The word ‘alienation’ was used fervently by Jimmy Reid in his Glasgow University rectorial address, delivered with the gusto lacking in today's politics, in 1972. Reid believed alienation was widespread and defined it as ‘the feeling of despair and hopelessness that pervades people excluded from the processes of decision making’.

I feel that, 52 years later, it is worrying that the entire speech could have been written this year.

Never in the near decade of my short voting life have I been so politically disengaged or felt so unrepresented in an election. At 27, it worries me that political fatigue has set in so early.

An independence vote that divided the country, a Brexit vote that the vast majority of Scotland voted against but is stuck with, and a sense of loss from two years of restricted living due to a global pandemic will do that to you.

Couple that with a leadership race between mostly middle-aged men in suits who insist on focusing on party politics instead of engaging with a disillusioned public.

Can you really blame me for feeling a bit put out?

Lip service promises to help the next generation buy their first homes, provide more workplace opportunities, and offer tax cuts for the worst off all feel a bit too broken record.

This week, BBC host Nick Robinson compared Rishi Sunak to “a guy in a pub who borrows 50 quid” and then promises to pay it back but never does. The UK Government has made the young people in this country take out a Klarna payment plan for that 50 quid, and they are drowning in insurmountable payday loan debt.

Jimmy Reid celebrates being elected Glasgow University rectorJimmy Reid celebrates being elected Glasgow University rector (Image: free)

It’s also the debt of what could be if the future was focused on the people who will be living in it.

Becoming a homeowner was once a rite of passage for a 20-something, for current generations of that age, it feels more like a pipe dream. The house price to average earnings ratio is the worst it has been in 150 years, and many young people are trapped in a cycle of exorbitant rents meaning they can’t save for a deposit to get anywhere near a mortgage.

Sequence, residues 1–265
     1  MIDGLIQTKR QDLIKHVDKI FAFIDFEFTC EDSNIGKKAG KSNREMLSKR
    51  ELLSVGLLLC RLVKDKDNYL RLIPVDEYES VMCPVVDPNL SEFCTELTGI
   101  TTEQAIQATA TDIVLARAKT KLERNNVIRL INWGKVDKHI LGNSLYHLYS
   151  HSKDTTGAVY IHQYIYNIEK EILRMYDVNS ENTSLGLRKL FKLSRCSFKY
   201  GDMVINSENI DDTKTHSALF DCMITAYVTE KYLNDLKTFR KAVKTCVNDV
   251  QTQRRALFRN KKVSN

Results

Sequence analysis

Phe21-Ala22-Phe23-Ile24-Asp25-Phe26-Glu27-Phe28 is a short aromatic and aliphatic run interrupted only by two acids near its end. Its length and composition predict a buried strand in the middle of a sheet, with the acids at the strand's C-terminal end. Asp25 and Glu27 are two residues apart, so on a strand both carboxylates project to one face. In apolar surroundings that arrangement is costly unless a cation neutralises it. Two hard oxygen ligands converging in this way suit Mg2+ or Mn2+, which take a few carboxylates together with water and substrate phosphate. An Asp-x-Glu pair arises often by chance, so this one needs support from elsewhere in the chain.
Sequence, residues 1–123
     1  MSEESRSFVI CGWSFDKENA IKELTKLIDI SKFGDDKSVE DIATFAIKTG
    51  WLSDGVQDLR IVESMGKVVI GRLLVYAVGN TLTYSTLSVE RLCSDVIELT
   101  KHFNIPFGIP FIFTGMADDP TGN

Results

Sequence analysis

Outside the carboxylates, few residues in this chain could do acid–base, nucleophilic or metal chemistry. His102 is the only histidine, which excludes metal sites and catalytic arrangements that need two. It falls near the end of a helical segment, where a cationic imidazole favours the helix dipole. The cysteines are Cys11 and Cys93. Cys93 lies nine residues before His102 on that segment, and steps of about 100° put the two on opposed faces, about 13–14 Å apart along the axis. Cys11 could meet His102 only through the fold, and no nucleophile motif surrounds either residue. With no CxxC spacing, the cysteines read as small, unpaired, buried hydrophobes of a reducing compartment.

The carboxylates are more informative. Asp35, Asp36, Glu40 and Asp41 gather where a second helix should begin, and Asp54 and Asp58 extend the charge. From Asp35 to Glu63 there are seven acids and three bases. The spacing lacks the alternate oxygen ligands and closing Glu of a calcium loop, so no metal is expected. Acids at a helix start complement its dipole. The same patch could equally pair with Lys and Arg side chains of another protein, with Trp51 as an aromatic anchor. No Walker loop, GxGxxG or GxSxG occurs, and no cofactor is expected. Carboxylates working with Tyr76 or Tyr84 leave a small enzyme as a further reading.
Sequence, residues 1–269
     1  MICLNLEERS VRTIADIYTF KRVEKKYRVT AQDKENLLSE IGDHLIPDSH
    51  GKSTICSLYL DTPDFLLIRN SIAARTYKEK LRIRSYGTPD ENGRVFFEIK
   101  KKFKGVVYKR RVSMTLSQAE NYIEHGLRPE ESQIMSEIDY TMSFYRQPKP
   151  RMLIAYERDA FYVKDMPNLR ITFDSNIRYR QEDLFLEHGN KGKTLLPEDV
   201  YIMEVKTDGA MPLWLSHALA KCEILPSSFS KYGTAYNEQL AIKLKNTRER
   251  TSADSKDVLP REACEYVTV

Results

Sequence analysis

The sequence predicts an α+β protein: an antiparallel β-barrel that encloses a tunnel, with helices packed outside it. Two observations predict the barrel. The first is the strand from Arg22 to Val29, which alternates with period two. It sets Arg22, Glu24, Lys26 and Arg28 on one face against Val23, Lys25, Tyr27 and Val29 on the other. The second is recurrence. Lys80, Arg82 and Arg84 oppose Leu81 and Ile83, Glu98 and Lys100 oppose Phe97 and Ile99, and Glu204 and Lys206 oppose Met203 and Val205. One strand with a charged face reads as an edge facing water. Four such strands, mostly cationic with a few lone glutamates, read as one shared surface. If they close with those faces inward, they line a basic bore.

Glasgow hosting COP26 gave me hope that positive change might be on the way and that a focus on tackling climate change would bring young voices to the fore. However, once again, the promises proved to be nothing more than PR headlines for the parties involved, and the targets set then look to be scrapped.

Seeing figurehead after figurehead roll across chamber floors amid controversies and scandals creates a breeding ground for national-scale cynicism – something Scotland didn’t need anyway.

When the odd conversation does venture into politics, everyone I know has had the same despondent response: ‘I don’t know who I’m going to vote for this time.’

Politics is very personal, but a collective disengagement of the population cannot put the blame on the populous.

When you have a ‘selection’ of leaders to vote for who lack any form of variety or wide scope of representation across generations and communities, who can blame people for switching off politically?

The average age of the leaders in contention is 47, with the current First Minister John Swinney topping the table at 60 years old – while doing everything in his power to try and appeal to the younger audience, like (mis)quoting Taylor Swift songs.


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Scotland has some great, younger political talent in people like Mhairi Black, but even she has recently stepped back from the 'depressing' Commons at 29 years old.

If young politicians are losing their passion and further aspirations to climb the political ladder, then what chance do younger voters have to keep engaged?

If youth is wasted on the young, then politics is being wasted on the old.

Predictions are that we could be in for the lowest turnout to a general election on record, and amid a cost of living crisis, increases in poverty and income inequality, and distrust in government on a rapid rise – it’s hard to see how it couldn’t be.

The only way to drive change and to provide a future that excites the future generations of this country is to give them a voice, or at least someone that speaks to them.

I don’t see Scotland being ready for another independence referendum at the moment, and the SNP drum must start beating to another tune to garner trust and build support.

Surely, though, we can expect more from our country's possible leaders than to have to pick the best of a bad bunch.

I long to feel passionate about a party and a leader again; it’s vital that the younger generations are given that basic requirement of being represented once more. Change is the only way that I see Scotland becoming the country that I hope it can.

I long for a future that excites me, where I have a voice, not one where deaf ears and idle hands pilfer the passion from generations. However, without leadership that welcomes change and embraces Scotland's future generations, when will we ever see it?

I fear that generational alienation is much like fashion, a cycle that the current system we have is doomed to repeat. Fifty years on from Jimmy Reid’s address on it, it seems we already have.